Already we see larger titles like Catherine learning from so-called “pretentious” indie titles, absorbing the things about them that produce resonant and nuanced experiences for the player, as well as game designers generally learning from other forms of art, study, and philosophy. We are seeing more and more games that demand intellectual and emotional engagement, rather than simply the “drone” of task-completion punctuated by moments of adrenaline (although I do acknowledge past triumphs like the Katamari series, Okami, and EarthBound, I count them among a relative minority). Okay—there have been a couple of misfires (ahem, Heavy Rain), but the effort is being made in producing richly evocative and smarter games which are compelling both because of the ideas they present and how they are presented. This, I promise you, will not make games less entertaining. It will however, make them more interesting and meaningful, more compelling and arresting and might compel you to play for other reasons than amusement alone. All other media have accomplished this without question. And if the present boon of interesting and innovative games like To the Moon, The Stanley Parable, Journey—and why not, let’s throw Portal 2 in the mix for its stellar storytelling and characterization—prove to be an upward trend, I have no doubt games can achieve this too. But they need constant critical and artistic tending to do this, and a profound sympathy for how games use their disparate parts to create these greater experiences.
“But wait,” you might say, “you’re not really talking about critics. You’re talking about designers. They’re the ones making the games.” The important first thing to note is that critics are often developers or designers themselves, or later become designers or developers after having accrued years of expertise and established critical philosophy. Gaming’s beloved Anthony Burch is an example of one of those people. The second thing is that creation and deep criticism are part of a system of feedback that ultimately affects how games mature over time. The more critical frameworks and lenses we can add to the voices—be they from philosophy, science, or other forms of art—the richer, smarter, funnier, and more efficient games will become.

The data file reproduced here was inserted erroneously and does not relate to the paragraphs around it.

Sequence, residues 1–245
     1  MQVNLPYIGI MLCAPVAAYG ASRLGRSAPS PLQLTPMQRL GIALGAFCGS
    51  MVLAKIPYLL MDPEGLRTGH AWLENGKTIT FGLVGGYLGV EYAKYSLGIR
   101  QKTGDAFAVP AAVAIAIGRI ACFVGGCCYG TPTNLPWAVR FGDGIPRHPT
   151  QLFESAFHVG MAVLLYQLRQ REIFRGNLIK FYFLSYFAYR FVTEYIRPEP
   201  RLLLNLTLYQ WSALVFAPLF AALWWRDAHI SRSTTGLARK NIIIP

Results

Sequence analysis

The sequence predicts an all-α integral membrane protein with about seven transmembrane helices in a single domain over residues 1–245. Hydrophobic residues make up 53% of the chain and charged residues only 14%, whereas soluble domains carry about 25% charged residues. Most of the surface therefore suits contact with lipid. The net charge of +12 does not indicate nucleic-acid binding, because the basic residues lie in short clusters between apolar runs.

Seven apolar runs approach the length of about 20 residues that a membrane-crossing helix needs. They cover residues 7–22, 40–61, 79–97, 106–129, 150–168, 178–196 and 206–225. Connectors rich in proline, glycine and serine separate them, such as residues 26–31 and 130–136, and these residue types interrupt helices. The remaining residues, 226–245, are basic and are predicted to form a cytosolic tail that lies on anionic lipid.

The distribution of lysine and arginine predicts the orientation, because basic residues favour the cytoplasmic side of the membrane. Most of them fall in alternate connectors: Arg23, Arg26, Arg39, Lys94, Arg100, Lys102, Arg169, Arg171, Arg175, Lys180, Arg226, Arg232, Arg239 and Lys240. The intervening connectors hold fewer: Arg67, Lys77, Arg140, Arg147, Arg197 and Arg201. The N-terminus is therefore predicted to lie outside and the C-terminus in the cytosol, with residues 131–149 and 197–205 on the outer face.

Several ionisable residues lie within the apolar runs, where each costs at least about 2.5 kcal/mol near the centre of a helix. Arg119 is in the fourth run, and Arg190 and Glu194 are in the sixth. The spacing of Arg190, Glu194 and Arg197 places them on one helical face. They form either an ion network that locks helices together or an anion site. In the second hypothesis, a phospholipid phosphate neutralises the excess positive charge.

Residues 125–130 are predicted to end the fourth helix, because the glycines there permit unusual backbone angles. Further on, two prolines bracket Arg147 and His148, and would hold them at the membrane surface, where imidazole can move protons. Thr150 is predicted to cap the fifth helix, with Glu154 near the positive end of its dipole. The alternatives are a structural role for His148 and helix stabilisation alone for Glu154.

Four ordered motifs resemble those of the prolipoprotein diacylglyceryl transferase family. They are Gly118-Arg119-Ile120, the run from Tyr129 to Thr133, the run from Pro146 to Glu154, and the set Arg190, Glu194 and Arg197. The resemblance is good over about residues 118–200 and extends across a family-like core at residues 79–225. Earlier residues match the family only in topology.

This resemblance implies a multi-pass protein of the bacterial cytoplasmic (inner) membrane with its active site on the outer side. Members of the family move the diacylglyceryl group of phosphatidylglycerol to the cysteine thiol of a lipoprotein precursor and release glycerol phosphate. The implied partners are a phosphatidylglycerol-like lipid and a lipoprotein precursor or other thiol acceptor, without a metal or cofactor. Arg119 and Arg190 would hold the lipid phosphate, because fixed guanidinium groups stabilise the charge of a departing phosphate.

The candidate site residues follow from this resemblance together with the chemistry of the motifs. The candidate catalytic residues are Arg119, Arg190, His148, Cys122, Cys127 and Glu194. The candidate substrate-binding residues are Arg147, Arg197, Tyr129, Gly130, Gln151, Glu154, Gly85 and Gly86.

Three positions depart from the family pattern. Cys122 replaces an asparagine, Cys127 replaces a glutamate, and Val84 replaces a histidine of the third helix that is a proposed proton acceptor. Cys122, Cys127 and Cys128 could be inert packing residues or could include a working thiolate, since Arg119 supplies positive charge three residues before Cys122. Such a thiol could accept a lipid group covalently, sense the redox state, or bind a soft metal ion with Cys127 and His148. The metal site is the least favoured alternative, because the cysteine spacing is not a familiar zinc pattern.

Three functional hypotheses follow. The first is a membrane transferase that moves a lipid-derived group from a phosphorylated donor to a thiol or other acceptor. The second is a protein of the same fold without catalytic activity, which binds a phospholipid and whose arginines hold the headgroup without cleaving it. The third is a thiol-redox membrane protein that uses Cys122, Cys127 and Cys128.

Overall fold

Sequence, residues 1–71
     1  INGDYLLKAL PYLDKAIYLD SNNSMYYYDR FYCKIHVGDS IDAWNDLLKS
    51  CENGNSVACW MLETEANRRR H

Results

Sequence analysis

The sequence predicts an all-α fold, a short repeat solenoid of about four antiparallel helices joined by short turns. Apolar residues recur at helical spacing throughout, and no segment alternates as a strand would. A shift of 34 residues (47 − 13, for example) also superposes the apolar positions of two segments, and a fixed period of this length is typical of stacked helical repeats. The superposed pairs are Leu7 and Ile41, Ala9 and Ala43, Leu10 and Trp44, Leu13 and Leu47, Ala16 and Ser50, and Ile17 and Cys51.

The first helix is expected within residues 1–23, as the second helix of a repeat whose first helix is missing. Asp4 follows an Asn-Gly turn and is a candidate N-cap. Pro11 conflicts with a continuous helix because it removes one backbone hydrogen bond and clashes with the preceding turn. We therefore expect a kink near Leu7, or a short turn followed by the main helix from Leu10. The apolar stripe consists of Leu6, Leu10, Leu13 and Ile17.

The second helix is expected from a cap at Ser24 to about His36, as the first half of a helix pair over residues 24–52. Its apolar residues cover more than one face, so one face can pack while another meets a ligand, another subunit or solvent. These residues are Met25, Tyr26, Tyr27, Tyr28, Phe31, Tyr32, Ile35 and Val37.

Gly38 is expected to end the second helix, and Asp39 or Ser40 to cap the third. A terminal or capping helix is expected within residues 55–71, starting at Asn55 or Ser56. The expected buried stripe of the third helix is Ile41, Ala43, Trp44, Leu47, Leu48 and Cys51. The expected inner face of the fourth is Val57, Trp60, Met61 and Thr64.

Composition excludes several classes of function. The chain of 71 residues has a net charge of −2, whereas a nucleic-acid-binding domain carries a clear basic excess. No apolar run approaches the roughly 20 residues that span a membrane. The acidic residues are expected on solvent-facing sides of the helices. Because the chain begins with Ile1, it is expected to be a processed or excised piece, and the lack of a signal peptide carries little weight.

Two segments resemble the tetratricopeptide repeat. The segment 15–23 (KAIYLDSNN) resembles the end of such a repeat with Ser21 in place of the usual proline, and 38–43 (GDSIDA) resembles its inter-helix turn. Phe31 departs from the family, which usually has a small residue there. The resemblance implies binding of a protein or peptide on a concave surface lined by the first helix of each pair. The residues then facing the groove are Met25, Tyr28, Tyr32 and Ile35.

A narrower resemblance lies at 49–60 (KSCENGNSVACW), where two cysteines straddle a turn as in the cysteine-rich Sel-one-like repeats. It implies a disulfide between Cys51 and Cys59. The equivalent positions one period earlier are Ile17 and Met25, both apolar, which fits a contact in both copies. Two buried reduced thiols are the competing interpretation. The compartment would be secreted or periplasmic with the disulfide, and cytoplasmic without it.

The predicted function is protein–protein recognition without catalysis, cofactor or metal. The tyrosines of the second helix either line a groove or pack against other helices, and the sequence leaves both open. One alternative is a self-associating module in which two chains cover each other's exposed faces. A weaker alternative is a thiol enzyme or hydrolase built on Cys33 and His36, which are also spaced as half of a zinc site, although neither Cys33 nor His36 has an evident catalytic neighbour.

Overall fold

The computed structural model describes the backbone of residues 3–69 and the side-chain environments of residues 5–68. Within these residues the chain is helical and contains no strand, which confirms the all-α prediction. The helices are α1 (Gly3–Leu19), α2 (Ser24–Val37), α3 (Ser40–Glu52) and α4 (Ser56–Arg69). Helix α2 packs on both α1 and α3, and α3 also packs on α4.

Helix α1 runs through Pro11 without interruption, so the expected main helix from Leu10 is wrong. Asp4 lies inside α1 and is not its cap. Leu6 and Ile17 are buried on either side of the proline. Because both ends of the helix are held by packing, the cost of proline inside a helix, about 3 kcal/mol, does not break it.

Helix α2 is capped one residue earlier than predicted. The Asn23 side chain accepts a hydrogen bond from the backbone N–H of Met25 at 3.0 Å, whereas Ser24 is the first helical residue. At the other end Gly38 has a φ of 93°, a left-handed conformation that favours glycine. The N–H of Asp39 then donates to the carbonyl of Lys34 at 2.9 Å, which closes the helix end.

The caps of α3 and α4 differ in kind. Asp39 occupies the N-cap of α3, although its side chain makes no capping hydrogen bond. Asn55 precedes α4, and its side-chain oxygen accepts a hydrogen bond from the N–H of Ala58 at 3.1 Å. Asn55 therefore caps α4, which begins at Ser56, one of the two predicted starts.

I’m not a game designer or professor. Why should I read this stuff?
This leads me to my next point of contention: you should read this stuff exactly because you are a consumer of what it’s criticizing. The best way to understand what games are doing to affect you and why, or perhaps to help articulate an inchoate idea that you couldn’t otherwise discuss, is to dedicate time to deep, penetrative, close readings of games. Not only is this helping make games better by intensively deconstructing what about a game works or doesn’t work, it is also making you smarter and better acquainted with how the games operate to make you feel, say, scared, contemplative, sad, frustrated, relieved, or exuberant. Or any other of the countless emotions a human being is capable of having. What’s more, it can help you to examine and question the things in games you don’t like or perhaps bother you, or it can get you started on your own path to critical theory that might inspire interesting and potentially contrary ideas. It will bring nuance to how you perceive your experiences the same way it helps games develop more nuanced experiences to offer. The more you know about the representation of content in individual games, the deeper will be your understanding of all games as a holistic, expressive form which uses a multiplicity of elements to affect you.
The games we love are improving all the time, and a lot of this is due to the fact that there is significant and extensive discourse taking place within design and development communities. And it gives me infinite joy to observe that the close reading seems to be gaining prominence too, particularly amongst game criticism blogs like The Border House, but even on larger sites like Kotaku. This is good news, because it means that some of the same highly complex, dense, subtle conversation taking place on more esoteric sites like Electronic Book Review, Deep Fun and Game Studies can finally be made palatable and accessible for a wider audience, as well as enhancing the level of inquiry by relatively untoward critical frameworks (for instance, literary ones like post-colonial or Marxist theory). It means we can take control of our media consumption by asking deeper, better questions about games, challenging game-makers to improve. We can start having honest, intelligent discussions about how games affect us, how we interpret specific games, and how we wish they were better. It may seem overwhelming, but to me, it’s empowering. Keep your rubrics and metrics if you want to, but remember that videogames are more than just the sum of their parts.
This is why we need close readings.
Further Reading: “Close Playing: Unmanned” (Medium Difficulty)